Federalism itself is the second way in which the American framers were wary of political power. It was to be not only shared among the branches of national government, but federalized, decentralized, shared laterally amongst states and the national government. Much has recently been made of the alternative voice in American political thought -- emphasizing the polyphony of American political thought -- and rightly so. It's true enough that the Federalists sought more centralized power than the Anti-Federalists, but both were wise enough to see that centralized power could be a threat.

Ours was designed as a regime of institutions inspired by Locke, by Montesquieu, infused with a religious sensibility, all of which amounted to a rejection of the Hobbesian optimism about the sovereign. Conor is right about that. Axiom number one for Hobbes is that without an arbiter that is empowered to restrain each party, the parties will always be potentially at war, or in Conor's memorable phrase, violent conflict will always be "a lurking logical possibility." Because there is no arbiter to restrain the sovereign were he to feel threatened by the commonwealth or its members, the sovereign stands in relation to the commonwealth as the frightened, neurotic individuals stood in relation to each other before the commonwealth was instituted. The American insight is to restrain and frustrate centralized power because, frankly, the framers did not trust that it can be responsibly used.

Although Americans tend not to think in these terms any longer, they do feel that something is not quite right. So it is that a populist movement from the right, decrying government centralization in Washington (at the expense of the states) and in the White House (at the expense of the Congress and Courts) is matched by a populist movement from the left, decrying the financial centralization in a few banks. The Tea Partiers and the Occupiers, though divided on a range of social issues, both carry the flag of decentralization. The disproportionate use of force levied against the Occupiers at UC-Davis and in Oakland and elsewhere is precisely the kind of force our regime was designed to restrain.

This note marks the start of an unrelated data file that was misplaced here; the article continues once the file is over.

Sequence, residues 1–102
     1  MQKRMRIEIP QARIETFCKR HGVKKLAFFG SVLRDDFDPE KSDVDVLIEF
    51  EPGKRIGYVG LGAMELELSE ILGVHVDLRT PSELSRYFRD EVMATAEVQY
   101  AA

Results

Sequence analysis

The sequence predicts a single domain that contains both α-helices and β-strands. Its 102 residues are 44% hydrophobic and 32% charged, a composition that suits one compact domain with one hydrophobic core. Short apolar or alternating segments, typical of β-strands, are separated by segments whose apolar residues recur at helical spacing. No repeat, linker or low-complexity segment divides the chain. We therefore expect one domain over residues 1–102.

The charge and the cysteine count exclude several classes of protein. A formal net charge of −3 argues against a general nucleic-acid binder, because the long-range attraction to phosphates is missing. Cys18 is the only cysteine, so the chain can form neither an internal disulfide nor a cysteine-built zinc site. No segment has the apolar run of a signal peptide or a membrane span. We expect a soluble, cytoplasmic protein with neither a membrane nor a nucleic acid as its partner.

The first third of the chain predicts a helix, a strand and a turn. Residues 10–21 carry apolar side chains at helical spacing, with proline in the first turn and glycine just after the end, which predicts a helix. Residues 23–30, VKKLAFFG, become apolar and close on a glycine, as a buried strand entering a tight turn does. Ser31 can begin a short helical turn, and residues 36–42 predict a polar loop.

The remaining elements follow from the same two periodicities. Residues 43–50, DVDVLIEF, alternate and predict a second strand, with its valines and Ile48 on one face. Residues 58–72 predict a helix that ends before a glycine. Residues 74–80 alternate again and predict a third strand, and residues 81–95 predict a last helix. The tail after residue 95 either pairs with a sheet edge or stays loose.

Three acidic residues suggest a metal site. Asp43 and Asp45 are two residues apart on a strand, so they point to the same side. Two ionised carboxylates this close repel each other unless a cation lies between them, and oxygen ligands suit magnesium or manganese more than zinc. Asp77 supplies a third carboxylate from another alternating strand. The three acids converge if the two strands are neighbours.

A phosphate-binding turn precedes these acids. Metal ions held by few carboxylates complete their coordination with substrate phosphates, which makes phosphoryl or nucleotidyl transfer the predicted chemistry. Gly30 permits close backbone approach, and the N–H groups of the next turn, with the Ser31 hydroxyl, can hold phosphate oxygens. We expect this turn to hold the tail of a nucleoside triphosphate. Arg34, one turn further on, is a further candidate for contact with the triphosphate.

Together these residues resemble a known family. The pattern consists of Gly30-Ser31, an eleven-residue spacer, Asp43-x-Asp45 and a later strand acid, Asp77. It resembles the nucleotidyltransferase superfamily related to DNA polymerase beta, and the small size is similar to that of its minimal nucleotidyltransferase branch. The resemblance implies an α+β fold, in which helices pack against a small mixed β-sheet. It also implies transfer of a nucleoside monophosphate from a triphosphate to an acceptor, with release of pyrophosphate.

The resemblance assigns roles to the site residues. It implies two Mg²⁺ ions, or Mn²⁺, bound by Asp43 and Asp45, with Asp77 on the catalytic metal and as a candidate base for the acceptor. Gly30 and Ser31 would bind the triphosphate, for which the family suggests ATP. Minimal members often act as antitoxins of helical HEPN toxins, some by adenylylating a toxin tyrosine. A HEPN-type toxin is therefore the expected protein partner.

This leads me to conclude that the moment is ripe for a mature reconsideration of and renewal to our commitment to the Constitution. In my view, the uses of power and populism we see around us neither warrant a progressive wish to transcend the Constitution, nor do they warrant the the bizarre necromancy of some of the Constitution's biggest fans. In recognizing that the same centralization of power our regime is dedicated to dispersing is the source of popular protest and the institutional response to that protest, we should be moved to recognize the Constitution's lasting wisdom.

- A Citizen of Rochester -